Israel’s ambassador to China called on Beijing to leverage its close relationship with Iran to rein in Hamas, saying the Asian giant needed to be engaged in talks around the conflict.
(Bloomberg) — Israel’s ambassador to China called on Beijing to leverage its close relationship with Iran to rein in Hamas, saying the Asian giant needed to be engaged in talks around the conflict.
“We really hope China can be much more involved in talking to its close partners in the Middle East and particularly Iran,” Irit Ben-Abba told Bloomberg TV in an interview Thursday. “Iran is definitely very much involved in what has happened.”
Ben-Abba’s remarks come as China’s willingness to entangle itself in some of the region’s most intractable conflicts has come under scrutiny. A US senator confronted President Xi Jinping this week about his government’s failure to condemn the surprise Oct. 7 strike by Hamas on Israel that killed hundreds of civilians.
While China’s Foreign Ministry later said it was “saddened” by the casualties, Beijing hasn’t criticized Hamas in its statements only saying that the Asian country is a “friend to both” sides of the conflict.
For more on the Israel-Hamas war, click here.
While Tehran is a known backer of Hamas, Iran’s Supreme Leader Ali Khamenei has denied his country was involved in the strike.
China until recently didn’t have a record of negotiating peace deals. That changed when in March it helped broker a tentative detente between Iran and Saudi Arabia, after years of diplomatic deadlock between the historic rivals. The deal marked a departure from Beijing’s long-stated reluctance to involve itself in foreign disputes.
Zhai Jun, Beijing’s special envoy on Middle East issues, is expected to speak to Israeli officials on Thursday, according to Ben-Abba. That will mark China’s first public contact with the Israelis since the conflict broke out.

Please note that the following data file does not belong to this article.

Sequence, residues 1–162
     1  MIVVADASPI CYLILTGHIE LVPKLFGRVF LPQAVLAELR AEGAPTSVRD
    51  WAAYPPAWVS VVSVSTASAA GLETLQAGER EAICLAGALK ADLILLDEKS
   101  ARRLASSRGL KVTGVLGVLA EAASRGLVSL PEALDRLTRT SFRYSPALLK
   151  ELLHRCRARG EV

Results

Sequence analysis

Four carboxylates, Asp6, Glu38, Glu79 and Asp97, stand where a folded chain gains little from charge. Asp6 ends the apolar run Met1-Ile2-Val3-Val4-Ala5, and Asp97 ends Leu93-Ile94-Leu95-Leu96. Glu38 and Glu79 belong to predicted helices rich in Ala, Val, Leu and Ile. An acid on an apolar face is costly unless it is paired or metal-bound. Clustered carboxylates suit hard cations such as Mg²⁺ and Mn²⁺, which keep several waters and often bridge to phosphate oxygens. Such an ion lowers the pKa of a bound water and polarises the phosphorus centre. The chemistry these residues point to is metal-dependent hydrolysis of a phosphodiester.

The Chinese official on Wednesday pushed for a cease-fire in a phone call with a foreign affairs official from the Palestinian Authority, according to a statement from the Chinese Foreign Ministry.
That meeting followed a call between Zhai and an Egyptian counterpart on Tuesday, during which he called for humanitarian support for the Palestinian people.
China has reasons to balance its relationships on both sides of the conflict. Beijing’s bilateral trade with Israel totaled some $22.1 billion last year, according to International Monetary Fund figures.
More than half of Israel’s exports to China are electric components including microchips, according to a June paper by Tel Aviv University’s Institute for National Security Studies.
That trade with Israel is crucial as the US urges its partners to implement curbs on Beijing’s access to cutting-edge technology. Intel Corp. abandoned a $5.4 billion deal in August to acquire Israel’s Tower Semiconductor Ltd. after failing to win Chinese regulatory approval in time as rising geopolitical tensions slow down that process.
Ben-Abba said Israel and China have a “good” relationship, adding that they enjoy a “special partnership” on innovation. The diplomat said she didn’t see any direct impact on bilateral trade from the unfolding situation.
“Of course, we have to see what is going to happen in the Middle East as a whole,” she said. “We are in a state of war at the moment.”
(Updates throughout with additional details from the interview.)
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